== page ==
Insurgents struck the Iraqi capital Wednesday with at least a dozen attacks that targeted Shiite Muslim civilians, Iraqi security forces and American troops, killing more than 160 people in the deadliest day of violence in Baghdad since the U.S. invasion more than two years ago.
U.S. military officials said the day-long wave of suicide bombings, rocket attacks and shootings across the city bore the hallmarks of al Qaeda in Iraq, the radical Sunni Muslim insurgent organization led by Abu Musab Zarqawi, a Jordanian.
The group did not immediately assert direct responsibility for the attacks, but an Internet statement issued in its name welcomed the start of "revenge battles throughout the land of Mesopotamia."
The statement linked the attacks to a U.S. and Iraqi offensive underway against insurgents in the northwestern city of Tall Afar. A subsequent audio recording attributed to Zarqawi, which was posted on the Internet, accused the Shiite-led Iraqi government of having declared war on Sunnis in that city. As a result, al Qaeda in Iraq "has decided to launch a comprehensive war on the Shiites all over Iraq, wherever and whenever they are found. This is revenge. . . . Take care, because we are not going to have mercy on you," the recording said, according to a translation by the Washington-based SITE Institute, a group that monitors radical Web sites.
The attacks appeared calculated to undermine public faith in the ability of the fledgling government to protect its people, by showing that insurgents could strike in Baghdad despite the U.S. and Iraqi military efforts to stop them. Some of Wednesday's attacks were carried out in ways that maximized death tolls.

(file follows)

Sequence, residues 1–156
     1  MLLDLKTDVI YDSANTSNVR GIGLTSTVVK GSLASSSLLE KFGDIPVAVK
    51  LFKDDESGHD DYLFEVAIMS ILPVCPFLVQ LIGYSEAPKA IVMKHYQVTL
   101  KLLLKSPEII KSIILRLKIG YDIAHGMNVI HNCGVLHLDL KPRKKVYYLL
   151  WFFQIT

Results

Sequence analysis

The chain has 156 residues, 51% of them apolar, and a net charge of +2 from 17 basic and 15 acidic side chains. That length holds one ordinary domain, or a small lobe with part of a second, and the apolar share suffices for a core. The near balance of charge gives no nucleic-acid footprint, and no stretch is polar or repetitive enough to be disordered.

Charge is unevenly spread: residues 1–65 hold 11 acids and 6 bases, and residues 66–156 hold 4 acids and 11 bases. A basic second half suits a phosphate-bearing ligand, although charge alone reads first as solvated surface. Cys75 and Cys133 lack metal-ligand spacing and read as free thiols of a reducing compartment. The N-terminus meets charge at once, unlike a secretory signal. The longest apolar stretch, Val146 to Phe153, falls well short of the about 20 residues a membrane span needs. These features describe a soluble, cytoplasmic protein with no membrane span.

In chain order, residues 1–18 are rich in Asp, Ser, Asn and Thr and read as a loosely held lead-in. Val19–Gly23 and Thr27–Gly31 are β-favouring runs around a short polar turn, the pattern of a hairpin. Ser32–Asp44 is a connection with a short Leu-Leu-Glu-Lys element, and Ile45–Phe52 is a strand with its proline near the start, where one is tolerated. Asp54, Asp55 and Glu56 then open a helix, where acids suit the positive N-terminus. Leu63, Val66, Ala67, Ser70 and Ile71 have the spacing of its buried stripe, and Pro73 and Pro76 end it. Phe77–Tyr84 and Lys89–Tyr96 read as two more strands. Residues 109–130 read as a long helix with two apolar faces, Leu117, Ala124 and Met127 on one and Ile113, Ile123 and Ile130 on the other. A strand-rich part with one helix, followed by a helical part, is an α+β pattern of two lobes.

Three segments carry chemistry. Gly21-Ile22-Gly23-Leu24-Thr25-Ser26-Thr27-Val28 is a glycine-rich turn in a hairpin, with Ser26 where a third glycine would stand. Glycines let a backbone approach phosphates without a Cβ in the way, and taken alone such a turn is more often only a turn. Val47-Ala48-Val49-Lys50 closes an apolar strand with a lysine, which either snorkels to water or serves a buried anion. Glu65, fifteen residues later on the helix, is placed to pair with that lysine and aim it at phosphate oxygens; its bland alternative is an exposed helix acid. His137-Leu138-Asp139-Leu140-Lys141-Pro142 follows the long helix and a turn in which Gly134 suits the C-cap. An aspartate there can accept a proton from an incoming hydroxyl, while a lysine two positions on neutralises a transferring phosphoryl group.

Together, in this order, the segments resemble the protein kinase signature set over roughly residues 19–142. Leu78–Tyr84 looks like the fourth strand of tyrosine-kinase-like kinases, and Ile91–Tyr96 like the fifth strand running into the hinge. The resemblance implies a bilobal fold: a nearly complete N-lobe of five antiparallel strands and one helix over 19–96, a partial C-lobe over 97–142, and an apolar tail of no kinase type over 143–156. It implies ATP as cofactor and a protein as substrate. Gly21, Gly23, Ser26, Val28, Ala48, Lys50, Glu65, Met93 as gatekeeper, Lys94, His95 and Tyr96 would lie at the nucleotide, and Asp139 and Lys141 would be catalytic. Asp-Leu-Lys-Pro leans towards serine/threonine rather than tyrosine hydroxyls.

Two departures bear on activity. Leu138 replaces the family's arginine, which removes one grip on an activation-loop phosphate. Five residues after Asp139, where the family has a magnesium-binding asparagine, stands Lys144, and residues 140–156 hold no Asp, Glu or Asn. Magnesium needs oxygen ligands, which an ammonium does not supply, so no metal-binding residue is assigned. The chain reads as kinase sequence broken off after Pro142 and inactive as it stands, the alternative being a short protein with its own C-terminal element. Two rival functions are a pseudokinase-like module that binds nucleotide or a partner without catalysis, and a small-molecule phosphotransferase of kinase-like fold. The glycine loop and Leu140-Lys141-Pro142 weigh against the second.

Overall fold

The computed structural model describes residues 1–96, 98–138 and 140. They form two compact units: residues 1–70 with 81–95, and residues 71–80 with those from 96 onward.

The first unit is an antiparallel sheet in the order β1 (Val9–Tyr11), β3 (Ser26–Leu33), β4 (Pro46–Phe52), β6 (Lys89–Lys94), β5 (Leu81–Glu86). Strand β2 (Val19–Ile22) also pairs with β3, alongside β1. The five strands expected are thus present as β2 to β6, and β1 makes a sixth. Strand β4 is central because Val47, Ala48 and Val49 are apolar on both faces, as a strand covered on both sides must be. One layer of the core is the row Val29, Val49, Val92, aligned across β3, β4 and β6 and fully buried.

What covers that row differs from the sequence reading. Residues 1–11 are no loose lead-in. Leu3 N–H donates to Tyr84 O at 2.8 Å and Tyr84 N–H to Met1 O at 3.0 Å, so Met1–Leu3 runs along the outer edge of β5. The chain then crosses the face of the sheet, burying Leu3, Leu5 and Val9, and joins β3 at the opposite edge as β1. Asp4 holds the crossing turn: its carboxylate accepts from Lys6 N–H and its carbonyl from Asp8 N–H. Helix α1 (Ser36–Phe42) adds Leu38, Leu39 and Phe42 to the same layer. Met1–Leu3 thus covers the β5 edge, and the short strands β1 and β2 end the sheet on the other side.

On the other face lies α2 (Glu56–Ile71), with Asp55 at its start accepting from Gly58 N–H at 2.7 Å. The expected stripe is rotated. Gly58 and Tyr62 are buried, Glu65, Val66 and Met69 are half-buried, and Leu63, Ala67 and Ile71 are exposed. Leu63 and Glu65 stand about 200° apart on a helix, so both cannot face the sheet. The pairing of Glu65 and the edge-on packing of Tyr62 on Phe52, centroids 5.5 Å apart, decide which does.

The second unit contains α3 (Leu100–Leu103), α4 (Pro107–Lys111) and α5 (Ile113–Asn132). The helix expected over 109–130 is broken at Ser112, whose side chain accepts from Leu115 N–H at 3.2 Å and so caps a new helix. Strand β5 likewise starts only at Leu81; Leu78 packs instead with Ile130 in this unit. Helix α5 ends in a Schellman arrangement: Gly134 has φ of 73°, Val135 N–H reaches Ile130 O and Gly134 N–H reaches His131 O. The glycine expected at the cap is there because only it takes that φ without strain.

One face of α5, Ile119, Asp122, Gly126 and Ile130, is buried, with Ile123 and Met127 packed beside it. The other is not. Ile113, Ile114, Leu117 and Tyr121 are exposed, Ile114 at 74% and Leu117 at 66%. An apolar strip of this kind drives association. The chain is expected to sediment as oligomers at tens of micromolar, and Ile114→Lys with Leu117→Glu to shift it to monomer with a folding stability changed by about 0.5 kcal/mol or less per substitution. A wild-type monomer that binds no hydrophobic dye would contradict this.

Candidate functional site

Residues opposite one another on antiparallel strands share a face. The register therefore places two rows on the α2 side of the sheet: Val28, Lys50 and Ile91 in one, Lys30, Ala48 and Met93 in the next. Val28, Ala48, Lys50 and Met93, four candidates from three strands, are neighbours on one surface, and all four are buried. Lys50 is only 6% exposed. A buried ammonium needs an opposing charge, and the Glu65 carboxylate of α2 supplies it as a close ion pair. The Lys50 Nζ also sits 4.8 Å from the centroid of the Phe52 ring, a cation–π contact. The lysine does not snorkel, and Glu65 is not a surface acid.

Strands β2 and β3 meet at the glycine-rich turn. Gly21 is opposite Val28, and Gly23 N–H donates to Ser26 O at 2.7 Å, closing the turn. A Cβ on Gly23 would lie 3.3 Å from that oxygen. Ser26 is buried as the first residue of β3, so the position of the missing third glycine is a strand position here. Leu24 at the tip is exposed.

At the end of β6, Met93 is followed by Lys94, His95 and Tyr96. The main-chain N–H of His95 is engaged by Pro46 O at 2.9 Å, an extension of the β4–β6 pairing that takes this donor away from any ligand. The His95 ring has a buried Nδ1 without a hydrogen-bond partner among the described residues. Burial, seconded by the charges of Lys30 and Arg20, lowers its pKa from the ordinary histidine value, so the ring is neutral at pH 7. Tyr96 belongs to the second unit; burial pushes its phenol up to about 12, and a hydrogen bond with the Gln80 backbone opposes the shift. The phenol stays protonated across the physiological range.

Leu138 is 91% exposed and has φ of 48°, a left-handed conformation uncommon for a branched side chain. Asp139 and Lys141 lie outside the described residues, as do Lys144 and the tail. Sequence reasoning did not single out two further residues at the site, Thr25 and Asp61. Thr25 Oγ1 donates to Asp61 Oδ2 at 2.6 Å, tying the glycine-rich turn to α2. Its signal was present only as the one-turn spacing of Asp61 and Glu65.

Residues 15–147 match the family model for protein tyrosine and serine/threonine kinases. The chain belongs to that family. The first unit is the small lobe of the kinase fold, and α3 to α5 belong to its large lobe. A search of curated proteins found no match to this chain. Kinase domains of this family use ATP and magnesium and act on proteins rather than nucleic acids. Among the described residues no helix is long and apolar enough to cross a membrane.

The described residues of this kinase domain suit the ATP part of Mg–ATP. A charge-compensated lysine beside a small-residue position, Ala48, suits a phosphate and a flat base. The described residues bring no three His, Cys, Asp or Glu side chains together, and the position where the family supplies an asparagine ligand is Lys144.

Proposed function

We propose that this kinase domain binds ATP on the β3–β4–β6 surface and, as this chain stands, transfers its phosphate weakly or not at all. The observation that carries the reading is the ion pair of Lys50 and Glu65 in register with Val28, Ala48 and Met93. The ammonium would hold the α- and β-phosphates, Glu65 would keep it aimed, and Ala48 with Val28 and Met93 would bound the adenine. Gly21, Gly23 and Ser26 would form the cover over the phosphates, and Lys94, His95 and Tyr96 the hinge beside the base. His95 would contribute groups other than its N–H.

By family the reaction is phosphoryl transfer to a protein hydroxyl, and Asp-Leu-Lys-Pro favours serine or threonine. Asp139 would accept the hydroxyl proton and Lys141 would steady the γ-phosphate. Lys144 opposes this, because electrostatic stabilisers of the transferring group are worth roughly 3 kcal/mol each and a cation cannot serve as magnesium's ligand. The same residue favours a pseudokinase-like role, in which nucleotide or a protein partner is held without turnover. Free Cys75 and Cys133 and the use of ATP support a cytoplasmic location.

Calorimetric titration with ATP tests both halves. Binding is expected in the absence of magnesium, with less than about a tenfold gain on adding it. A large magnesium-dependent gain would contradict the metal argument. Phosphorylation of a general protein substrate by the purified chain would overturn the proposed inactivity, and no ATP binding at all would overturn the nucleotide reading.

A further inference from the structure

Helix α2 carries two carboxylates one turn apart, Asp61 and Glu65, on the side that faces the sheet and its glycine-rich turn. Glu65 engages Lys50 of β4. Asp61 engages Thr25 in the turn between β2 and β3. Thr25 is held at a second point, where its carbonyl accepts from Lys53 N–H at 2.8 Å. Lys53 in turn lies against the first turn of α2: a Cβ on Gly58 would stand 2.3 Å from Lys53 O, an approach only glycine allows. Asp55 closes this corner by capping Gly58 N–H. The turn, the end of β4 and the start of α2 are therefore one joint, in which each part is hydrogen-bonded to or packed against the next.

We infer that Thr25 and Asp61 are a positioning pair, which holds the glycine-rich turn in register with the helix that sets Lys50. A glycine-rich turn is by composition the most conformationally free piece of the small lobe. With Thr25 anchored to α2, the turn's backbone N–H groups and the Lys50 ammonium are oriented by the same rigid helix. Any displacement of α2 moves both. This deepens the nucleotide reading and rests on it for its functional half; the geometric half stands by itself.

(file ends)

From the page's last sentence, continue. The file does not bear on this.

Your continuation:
In northwest Baghdad, a driver in the heavily Shiite neighborhood of Kadhimiyah pulled up alongside a gathering point for day laborers and offered the men jobs, witnesses said. He waited until a crowd of workers had clustered around his four-door car, then detonated explosives packed inside, said Salim Hussein, 20, who witnessed the attack.
The blast killed at least 112 people and wounded hundreds of others.
As burned, blackened victims filled the district hospital, a Shiite cleric patrolled the scene of the bombing in an ambulance, calling over the vehicle's loudspeaker for donations of blood. Men looking for loved ones ran fingers down pages and pages of names of bombing victims posted outside the hospital.
"Why haven't they killed Saddam?" wailed a Shiite woman in black abaya as she walked away from the hospital. "Cut his head off."
Within an hour of that attack, a driver smashed his car into two other vehicles at an intersection, then blew up the vehicle when a crowd gathered, police said. At least 15 people died, police Lt. Mustafa Majid said.
"I saw people's bodies flying in the air and thrown for yards," minibus-taxi driver Amer Salman said.
More attacks were mounted throughout the day, signaled by rattling booms, black smoke and U.S. military helicopters shuttling across the sky. Traffic on main roads shut down as police closed key routes. Rumors spread that more car bombers were roaming the city and that men wearing suicide belts were infiltrating hospitals.